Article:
Things happened quickly when Jimmy Page put Led Zeppelin together in the back half of 1968. Their first concerts — billed as the New Yardbirds — happened within weeks. They recorded their debut album in an astonishing amount of time and put it on shelves in early 1969. The band’s second album hit shelves less than a year after the first, despite Page making two major changes before recording Led Zeppelin II.
The first guitar Jimmy Page used in Led Zeppelin was a gift
Page formed Led Zeppelin when his previous band, the Yardbirds, dissolved. That band’s manager asked Page for the group before the guitarist joined, but he initially declined and recommended his friend, Jeff Beck.
Page didn’t take the job in the Yardbirds, but he didn’t walk away empty-handed. Beck gifted Page his Fender Telecaster guitar, which Page used to record Led Zeppelin’s debut album.
Unfortunately for Page, a handsy housekeeper left Page wanting to do a Pete Townshend and smash the guitar on his housesitter’s head. He didn’t get violent, but Page didn’t feel the same about the guitar after the redesign.
Page made two major changes before recording ‘Led Zeppelin II,’ and one happened because of Joe Walsh
He became famous for playing a Les Paul and custom double-necked Gibson, but the Telecaster was the first guitar Page used in Led Zeppelin. After his housesitter repainted the Fender, though, Page desired a change.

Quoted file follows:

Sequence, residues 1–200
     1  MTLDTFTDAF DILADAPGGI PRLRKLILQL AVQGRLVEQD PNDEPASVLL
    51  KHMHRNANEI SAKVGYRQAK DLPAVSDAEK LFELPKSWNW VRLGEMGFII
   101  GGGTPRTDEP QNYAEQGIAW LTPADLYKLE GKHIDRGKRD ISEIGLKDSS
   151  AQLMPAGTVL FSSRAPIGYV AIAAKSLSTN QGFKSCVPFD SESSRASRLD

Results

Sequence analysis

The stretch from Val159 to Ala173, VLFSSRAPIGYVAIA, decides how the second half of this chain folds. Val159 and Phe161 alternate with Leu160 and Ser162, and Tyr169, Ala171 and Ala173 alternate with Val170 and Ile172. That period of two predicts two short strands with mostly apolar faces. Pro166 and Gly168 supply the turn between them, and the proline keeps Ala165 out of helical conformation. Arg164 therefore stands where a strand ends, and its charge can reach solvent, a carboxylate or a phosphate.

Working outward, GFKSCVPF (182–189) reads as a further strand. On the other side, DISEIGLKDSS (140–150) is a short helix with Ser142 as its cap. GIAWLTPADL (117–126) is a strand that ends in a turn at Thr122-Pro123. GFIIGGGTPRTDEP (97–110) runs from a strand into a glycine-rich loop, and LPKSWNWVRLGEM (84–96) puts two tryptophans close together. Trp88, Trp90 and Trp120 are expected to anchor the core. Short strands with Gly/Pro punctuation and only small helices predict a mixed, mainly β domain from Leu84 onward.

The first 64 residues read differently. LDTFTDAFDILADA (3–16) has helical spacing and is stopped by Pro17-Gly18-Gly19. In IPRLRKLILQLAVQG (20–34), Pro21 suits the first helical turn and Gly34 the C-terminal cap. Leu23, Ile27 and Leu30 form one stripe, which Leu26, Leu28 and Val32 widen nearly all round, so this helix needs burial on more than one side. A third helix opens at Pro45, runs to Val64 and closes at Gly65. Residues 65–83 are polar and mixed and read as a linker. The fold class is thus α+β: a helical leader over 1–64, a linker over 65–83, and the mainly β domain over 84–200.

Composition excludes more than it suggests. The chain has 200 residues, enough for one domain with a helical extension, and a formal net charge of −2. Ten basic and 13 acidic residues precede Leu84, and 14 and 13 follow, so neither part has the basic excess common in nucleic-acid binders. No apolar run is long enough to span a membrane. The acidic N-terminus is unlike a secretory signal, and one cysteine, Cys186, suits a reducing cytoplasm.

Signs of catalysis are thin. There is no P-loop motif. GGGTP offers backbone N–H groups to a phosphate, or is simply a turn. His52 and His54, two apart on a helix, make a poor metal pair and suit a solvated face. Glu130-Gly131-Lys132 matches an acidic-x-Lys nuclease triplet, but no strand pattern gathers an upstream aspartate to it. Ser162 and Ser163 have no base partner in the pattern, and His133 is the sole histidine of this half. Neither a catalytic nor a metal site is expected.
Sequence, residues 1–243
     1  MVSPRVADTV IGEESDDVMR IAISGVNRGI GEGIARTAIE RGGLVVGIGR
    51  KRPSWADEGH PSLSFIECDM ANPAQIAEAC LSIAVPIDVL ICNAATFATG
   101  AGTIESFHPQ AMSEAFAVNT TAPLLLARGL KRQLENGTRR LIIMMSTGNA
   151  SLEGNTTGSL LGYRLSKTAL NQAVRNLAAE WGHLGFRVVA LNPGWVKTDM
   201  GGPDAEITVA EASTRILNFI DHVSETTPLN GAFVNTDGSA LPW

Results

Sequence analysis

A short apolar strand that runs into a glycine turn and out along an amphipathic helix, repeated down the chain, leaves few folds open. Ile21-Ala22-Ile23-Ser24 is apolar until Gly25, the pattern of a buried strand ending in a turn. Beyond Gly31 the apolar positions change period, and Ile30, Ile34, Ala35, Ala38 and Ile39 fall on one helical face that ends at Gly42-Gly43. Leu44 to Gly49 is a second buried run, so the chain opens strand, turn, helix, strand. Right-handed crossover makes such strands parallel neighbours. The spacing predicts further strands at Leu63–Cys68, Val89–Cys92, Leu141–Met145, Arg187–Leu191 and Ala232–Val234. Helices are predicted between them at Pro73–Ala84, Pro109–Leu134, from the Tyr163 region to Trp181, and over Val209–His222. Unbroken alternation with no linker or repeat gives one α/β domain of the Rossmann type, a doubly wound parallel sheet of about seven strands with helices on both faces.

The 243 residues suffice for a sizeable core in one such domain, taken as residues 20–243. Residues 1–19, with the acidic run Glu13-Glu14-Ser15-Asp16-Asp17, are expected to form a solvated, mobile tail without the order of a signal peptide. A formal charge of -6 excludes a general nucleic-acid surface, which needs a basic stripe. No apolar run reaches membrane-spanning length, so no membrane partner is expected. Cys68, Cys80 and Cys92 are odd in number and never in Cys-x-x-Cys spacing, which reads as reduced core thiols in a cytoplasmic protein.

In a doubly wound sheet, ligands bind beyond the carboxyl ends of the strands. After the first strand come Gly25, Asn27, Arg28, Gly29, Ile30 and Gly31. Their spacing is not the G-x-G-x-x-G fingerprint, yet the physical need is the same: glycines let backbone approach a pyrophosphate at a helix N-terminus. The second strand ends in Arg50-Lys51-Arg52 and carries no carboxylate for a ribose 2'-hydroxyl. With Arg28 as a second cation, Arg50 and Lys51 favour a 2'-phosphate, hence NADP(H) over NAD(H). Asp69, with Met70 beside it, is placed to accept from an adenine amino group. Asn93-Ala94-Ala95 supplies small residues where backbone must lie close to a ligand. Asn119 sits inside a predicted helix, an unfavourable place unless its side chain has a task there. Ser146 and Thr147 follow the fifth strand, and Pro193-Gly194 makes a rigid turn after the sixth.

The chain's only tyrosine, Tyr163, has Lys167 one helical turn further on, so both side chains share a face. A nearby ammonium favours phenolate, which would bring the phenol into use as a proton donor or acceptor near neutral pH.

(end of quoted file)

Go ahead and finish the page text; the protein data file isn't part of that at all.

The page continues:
Enter Joe Walsh. When Page retired the desecrated Telecaster, he bought the Les Paul from Walsh, who suggested it to him.
“It was the guitar I was meant to have,” Page said, per Centennial Media’s Legends of Music Spotlight: Led Zeppelin. “Joe Walsh told me I should buy the guitar. He was right. It became my wife and mistress — without the alimony.”
Page was clearly inspired by the new guitar. “Whole Lotta Love” starts the album with a classic, heavy, sinister riff. “Heartbreaker” and the incendiary solo Page played without his bandmates was the first time he used the Les Paul on record, according to Rhino Records. The band needed just one live take to put “The Lemon Song” together (though Page overdubbed his solo later).
In addition to using a new instrument, Page made another major change before recording Led Zeppelin II. He switched to using Marshall amps (JMP Super Leads, per the Marshall website), which he found more reliable.
“It was state-of-the-art reliability,” Page said, per the Legends of Music Spotlight. “They sounded great and were dependable on the road. I was always having problems with amps–fuses blowing and whatnot.”
‘Led Zeppelin II’ was one of the band’s most successful albums
Page making two major changes to his gear had little effect on his recording process or the success of Led Zeppelin II.
The album went gold in less than three weeks, gave Led Zeppelin its lone Billboard top-10 single for “Whole Lotta Love,” and had longevity to boot. Led Zeppelin II spent 117 weeks on the Billboard albums chart, No. 3 among Zep releases behind Mothership and Led Zeppelin IV. It sat at the top of the charts for seven weeks, tied with In Through the Out Door as the longest-tenured No. 1 album.
Jimmy Page made two huge changes to his equipment before making Led Zeppelin II. They clearly didn’t affect him or the album’s success.
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